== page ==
Take time to realize all the good we do and celebrate it.  I think that when we celebrate our goodness, we want to continue those actions and in turn, the world becomes a better place.  What have you done that is good and how do you feel it has served you?

Saturday, October 9, 2010

Week of Tips: Ground Yourself: Hibernate

It's the last tip of this week of tips on how we can ground ourselves this fall! I hope you have had the opportunity to read the tips from earlier this week.  If not, here's a recap: Fall Cleaning, Fall Eating, Grounding MeditationGetting in Touch with Nature, Visiting a Tree, and Grounding Ourselves.
So if you haven't gotten the trend this week, it's learning and implementing tips on how to ground ourselves in the fall, after a warm summer spent outdoors.  Fall in the Northeast is usually fairly pleasant. Not a depiction of the brutal winters at all.  But as a mammal, my warm blood can feel that winter is right around the corner.  As you look around, you can see nature's plants shedding their summer leaves and retreating to their roots for the winter.  Animals also prepare for the winter.  Birds fly south to warmer climates.  Mammals forage, harvest, and stuff themselves silly for the winter because in winter A) there is no food, B) even if there was food, they don't want to go out to get it or C) they are hibernating, sleeping away the winter in a cute little curled up bundle in a cave somewhere.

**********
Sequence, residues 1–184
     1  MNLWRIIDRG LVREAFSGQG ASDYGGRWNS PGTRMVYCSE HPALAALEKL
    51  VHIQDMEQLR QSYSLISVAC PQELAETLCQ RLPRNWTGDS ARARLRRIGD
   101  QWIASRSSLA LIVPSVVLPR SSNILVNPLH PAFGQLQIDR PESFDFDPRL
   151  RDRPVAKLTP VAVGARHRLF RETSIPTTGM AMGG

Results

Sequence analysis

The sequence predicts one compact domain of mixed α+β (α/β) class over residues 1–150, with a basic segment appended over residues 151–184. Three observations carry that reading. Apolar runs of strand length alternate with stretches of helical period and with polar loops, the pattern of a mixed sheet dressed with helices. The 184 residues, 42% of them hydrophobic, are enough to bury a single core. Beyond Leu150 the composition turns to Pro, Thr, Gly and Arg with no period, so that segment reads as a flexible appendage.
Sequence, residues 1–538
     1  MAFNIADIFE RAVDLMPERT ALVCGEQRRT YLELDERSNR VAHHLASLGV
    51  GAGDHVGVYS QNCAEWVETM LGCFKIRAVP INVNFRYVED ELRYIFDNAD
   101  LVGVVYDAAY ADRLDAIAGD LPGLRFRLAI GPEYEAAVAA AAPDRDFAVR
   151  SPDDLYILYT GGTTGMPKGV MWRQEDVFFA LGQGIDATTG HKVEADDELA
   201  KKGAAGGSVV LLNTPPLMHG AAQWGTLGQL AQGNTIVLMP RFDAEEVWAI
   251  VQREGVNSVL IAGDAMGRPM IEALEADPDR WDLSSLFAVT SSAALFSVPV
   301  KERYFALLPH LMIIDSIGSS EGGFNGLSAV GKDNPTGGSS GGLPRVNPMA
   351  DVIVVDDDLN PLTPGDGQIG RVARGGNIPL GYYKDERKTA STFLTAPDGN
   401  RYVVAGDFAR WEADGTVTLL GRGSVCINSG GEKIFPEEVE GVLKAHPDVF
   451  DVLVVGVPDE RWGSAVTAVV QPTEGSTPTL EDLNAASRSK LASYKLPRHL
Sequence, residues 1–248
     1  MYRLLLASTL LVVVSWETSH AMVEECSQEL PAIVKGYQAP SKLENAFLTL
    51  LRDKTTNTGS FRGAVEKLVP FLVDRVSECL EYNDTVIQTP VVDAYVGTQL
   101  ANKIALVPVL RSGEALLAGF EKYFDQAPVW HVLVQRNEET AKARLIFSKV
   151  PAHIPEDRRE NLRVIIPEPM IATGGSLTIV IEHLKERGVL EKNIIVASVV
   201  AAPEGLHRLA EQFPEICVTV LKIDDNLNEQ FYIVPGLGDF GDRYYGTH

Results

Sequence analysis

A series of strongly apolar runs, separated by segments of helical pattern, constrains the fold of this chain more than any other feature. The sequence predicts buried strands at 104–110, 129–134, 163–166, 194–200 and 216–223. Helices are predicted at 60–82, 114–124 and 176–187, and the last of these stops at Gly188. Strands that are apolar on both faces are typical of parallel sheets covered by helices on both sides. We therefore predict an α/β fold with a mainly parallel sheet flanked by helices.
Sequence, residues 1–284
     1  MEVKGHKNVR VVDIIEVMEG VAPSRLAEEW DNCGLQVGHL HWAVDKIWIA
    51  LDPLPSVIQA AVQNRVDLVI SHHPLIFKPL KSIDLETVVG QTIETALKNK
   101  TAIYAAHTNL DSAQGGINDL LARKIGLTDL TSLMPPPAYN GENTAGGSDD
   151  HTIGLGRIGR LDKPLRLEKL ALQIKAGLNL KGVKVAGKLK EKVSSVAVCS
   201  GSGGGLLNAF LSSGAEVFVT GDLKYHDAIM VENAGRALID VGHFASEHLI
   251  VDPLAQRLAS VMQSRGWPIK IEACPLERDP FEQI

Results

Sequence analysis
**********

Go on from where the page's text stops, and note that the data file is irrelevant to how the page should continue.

Now I am by no means telling you to forage, harvest and stuff yourself silly.  We have the modern convenience of having food readily available year round.  But I would like for all of us to take a cue from the animals and start preparing our bodies and homes for the winter during which we want to hibernate, as the bears and squirrels do.